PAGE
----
In the South, we are very familiar with dilemmas like this. We live in the buckle of the Bible Belt. This incident was in New Jersey, but feels familiar. But I’m hesitant to call something “anti-Semitic” when it’s really just “a different demographic.” We can always shop at Michael’s, or Target — or, of course, our synagogue’s Judaica shop, where there will be plenty of Hanukkah decorations, but probably no candy canes.
As a Jewish professional, I am always looking for ways to connect Judaism to our lives. “Professional” Jews know that our students, congregants, and communities look to us as models for how to live a life filled with meaning and purpose.
One of the first lessons we teach Jewish children is that we are created b’tzelem Elohim – “in God’s image.” For some of us, being created in God’s image is a reminder to be God-like, showing as much kindness and compassion as we can. For others, being created in God’s image is a warning not to tattoo or pierce our bodies. For me, at this stage in my life b’tzelem Elohim is more literal: it means that God gave me my physical body to take care of, nurture, and cherish.
That’s why every day, I think about what I put into my body; every day, I find the time to move; and every day, I seek out things that make me happy. These acts not only keep me well physically, but also they also heighten my spiritual awareness. This has become as much my Jewish practice as the study of text or praying.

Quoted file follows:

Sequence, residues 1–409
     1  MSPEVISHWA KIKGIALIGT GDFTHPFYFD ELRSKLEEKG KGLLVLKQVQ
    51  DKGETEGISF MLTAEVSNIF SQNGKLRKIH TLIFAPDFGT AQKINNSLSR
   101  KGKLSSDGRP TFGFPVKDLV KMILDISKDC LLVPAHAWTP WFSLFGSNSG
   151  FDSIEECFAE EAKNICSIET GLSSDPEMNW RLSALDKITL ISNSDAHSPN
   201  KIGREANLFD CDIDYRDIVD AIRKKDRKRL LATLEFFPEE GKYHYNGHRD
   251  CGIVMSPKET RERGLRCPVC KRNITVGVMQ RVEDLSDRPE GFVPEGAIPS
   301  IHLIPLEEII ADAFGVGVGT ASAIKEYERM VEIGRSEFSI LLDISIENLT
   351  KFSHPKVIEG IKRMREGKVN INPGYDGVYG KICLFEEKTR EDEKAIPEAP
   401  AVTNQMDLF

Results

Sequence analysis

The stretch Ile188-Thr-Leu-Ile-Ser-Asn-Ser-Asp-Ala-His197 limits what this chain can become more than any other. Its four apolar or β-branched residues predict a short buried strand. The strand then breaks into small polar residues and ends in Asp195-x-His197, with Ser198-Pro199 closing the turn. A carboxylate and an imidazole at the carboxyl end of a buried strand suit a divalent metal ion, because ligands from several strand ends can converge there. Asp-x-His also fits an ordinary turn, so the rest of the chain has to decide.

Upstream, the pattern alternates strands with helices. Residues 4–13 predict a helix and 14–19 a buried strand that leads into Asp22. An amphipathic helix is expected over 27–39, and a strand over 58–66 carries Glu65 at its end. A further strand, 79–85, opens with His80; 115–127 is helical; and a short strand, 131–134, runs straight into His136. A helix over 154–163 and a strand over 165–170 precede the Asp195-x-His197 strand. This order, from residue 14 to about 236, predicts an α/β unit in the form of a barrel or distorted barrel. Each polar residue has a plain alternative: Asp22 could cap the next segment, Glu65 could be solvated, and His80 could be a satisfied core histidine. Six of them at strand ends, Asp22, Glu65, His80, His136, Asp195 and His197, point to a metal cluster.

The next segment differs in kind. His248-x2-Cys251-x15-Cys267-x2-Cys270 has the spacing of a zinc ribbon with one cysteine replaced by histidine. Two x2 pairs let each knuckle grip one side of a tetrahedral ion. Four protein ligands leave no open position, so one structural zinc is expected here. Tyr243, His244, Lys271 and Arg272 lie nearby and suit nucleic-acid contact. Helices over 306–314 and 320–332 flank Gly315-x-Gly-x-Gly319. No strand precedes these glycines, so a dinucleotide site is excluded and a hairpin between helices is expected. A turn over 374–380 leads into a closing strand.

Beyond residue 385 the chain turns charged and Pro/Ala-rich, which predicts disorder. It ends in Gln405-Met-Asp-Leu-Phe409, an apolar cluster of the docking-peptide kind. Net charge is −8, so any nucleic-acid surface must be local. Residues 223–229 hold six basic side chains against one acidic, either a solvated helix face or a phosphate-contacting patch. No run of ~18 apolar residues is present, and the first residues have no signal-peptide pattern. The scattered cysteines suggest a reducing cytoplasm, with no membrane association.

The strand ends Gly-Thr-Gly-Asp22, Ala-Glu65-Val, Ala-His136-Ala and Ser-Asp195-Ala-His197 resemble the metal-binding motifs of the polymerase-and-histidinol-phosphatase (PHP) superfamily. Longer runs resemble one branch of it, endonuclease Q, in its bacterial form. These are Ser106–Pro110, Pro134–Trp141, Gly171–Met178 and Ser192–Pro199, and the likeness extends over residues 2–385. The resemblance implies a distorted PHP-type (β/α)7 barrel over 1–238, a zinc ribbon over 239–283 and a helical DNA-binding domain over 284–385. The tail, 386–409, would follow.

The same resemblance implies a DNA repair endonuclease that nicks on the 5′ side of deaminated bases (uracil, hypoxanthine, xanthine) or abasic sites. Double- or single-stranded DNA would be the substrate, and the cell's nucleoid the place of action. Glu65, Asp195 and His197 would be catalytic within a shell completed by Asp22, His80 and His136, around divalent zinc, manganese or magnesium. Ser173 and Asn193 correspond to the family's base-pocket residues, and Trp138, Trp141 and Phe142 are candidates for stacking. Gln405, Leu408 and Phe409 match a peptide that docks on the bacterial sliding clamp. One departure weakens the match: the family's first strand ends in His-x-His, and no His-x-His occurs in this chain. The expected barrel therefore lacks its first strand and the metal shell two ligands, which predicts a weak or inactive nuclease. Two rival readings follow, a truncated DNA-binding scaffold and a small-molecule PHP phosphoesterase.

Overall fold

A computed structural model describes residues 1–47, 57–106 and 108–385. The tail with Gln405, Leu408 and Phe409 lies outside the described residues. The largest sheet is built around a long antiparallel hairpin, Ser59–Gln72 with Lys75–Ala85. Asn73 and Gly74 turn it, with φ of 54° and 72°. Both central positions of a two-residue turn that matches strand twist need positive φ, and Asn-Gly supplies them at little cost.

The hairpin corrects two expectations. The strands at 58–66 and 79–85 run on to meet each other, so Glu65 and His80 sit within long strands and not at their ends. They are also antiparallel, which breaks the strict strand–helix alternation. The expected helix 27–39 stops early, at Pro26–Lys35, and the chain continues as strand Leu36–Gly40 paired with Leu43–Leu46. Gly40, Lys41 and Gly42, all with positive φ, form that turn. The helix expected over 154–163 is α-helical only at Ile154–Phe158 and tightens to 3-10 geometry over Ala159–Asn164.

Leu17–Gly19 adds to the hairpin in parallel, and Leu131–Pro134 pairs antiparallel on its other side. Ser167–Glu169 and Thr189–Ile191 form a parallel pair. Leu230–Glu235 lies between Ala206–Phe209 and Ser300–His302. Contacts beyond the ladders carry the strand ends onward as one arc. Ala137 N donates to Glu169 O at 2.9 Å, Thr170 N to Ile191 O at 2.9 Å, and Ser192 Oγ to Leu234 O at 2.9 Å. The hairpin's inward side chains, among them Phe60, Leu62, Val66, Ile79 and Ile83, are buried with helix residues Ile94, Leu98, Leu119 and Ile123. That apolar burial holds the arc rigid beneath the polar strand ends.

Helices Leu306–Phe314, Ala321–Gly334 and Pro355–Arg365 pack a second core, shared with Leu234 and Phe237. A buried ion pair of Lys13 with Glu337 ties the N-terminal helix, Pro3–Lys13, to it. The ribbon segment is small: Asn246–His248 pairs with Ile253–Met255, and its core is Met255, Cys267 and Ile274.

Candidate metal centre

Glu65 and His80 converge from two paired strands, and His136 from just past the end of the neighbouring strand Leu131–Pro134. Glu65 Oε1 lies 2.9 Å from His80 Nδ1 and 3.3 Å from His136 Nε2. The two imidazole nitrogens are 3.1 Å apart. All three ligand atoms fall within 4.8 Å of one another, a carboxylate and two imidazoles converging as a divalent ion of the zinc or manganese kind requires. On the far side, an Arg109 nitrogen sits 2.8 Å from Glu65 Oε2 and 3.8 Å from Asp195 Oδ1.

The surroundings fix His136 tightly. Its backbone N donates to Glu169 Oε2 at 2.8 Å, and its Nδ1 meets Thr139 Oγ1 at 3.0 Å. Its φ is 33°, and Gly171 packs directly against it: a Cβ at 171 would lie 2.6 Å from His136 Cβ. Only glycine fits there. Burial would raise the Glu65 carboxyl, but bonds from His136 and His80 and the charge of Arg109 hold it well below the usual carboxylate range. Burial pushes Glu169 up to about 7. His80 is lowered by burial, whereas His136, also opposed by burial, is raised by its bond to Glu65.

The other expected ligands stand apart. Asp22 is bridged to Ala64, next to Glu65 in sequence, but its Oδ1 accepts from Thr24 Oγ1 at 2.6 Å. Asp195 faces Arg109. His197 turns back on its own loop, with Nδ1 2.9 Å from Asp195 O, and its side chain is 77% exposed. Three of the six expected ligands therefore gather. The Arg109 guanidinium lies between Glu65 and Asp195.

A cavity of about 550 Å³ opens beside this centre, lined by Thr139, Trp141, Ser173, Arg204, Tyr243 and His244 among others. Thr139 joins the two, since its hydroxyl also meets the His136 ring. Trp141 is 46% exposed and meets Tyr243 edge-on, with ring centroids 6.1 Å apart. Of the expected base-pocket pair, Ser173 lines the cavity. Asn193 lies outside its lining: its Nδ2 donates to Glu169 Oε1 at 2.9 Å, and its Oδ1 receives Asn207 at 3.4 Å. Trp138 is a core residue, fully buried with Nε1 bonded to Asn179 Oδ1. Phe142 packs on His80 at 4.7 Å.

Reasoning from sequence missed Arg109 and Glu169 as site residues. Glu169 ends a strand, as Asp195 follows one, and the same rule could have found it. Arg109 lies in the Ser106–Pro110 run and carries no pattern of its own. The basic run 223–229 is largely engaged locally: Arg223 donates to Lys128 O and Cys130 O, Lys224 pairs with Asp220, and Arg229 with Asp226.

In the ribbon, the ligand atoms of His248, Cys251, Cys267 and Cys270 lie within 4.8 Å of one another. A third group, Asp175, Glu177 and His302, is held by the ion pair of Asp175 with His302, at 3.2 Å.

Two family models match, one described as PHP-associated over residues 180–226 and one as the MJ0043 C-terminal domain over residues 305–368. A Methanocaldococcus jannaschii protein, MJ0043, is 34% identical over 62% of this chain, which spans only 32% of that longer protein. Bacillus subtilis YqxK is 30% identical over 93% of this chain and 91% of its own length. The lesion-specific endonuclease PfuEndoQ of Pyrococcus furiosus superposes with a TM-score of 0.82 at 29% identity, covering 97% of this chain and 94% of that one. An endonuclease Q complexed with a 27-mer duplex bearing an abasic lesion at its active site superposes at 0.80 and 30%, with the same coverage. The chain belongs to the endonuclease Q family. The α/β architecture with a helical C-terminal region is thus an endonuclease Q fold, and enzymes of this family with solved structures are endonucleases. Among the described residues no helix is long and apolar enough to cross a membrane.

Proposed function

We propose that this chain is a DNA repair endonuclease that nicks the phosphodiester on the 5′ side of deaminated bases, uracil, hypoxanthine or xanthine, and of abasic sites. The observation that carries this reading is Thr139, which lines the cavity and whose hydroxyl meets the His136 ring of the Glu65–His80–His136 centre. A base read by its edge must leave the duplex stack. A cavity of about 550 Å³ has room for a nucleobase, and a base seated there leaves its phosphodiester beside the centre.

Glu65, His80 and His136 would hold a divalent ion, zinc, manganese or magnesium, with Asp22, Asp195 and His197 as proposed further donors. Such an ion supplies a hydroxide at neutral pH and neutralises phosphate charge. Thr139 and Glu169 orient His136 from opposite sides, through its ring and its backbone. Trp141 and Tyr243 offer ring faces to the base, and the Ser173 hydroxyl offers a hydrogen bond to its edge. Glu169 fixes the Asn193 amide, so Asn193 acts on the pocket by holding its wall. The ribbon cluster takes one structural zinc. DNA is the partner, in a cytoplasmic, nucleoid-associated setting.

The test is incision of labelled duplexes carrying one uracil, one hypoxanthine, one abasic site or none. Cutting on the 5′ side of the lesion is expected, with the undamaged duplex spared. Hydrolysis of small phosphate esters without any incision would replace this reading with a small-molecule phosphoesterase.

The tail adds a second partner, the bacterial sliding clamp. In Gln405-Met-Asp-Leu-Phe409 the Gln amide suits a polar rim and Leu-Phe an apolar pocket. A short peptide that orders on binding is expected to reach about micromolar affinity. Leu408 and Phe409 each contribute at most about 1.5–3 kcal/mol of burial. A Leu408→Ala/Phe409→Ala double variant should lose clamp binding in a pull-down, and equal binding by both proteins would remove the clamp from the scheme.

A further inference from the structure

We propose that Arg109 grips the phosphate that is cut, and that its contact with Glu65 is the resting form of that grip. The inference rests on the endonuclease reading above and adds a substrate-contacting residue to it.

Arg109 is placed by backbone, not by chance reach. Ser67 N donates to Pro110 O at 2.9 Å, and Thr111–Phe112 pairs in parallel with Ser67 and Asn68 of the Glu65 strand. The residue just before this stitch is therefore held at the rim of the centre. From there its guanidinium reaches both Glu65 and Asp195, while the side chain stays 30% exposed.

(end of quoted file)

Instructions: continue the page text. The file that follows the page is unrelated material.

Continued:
I am also just as much a role model for my students and staff by taking care of my body as I would be for my Jewish knowledge. I believe this very deeply: taking care of our physical selves honors a gift given to us by God, and is a very Jewish thing to do. And yet, the Jewish professional field is overwhelmed by unhealthy lifestyles, too little sleep, too little exercise, a state of imbalance and poor health. The irony in this is that research shows undeniably that people are more productive when they eat well, exercise, and get sleep.
The Jewish world closely mirrors the rest of society in the issue of weight and nutrition. And, sad but true - it’s especially bad in the South. I wonder, though, if we as Jewish leaders have an obligation to model healthy living – focusing not just on mind and spirit, but also on body. When we talk about obesity and health, emotions run deep, as this is something many people struggle with and few are comfortable discussing. So how can we, as a Jewish community, help and support each other in this arena?
What does being b’tezelem Elohim mean to you? Do you think Jewish leaders should model a healthy lifestyle?